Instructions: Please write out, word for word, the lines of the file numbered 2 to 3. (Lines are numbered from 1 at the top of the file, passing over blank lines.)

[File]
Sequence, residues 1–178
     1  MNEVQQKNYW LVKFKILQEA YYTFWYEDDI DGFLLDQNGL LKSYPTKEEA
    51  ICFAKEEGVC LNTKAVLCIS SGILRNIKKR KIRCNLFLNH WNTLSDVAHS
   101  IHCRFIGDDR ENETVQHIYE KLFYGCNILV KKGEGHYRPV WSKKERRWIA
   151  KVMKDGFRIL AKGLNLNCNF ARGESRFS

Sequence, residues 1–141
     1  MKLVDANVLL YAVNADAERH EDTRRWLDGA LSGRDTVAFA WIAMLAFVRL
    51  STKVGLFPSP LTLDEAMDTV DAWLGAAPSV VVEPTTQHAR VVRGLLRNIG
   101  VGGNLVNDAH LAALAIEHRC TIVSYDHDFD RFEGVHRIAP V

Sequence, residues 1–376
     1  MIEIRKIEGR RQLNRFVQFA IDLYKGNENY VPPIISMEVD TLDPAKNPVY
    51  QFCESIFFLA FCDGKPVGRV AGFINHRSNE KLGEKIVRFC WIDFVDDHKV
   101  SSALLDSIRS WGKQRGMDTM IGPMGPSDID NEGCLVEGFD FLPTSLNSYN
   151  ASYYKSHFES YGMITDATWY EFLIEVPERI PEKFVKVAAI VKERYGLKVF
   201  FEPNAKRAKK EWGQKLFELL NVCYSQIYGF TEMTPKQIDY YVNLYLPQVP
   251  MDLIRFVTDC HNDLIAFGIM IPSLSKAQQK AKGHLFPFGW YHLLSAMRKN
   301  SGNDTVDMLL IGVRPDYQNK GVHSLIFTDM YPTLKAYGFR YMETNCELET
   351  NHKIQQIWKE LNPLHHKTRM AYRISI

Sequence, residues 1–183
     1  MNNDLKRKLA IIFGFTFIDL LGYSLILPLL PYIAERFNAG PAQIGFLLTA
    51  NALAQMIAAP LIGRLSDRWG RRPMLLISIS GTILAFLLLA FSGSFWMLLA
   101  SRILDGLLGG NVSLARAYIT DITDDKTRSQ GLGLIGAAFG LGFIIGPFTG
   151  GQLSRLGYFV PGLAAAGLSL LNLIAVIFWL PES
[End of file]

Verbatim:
     1  MNEVQQKNYW LVKFKILQEA YYTFWYEDDI DGFLLDQNGL LKSYPTKEEA
    51  ICFAKEEGVC LNTKAVLCIS SGILRNIKKR KIRCNLFLNH WNTLSDVAHS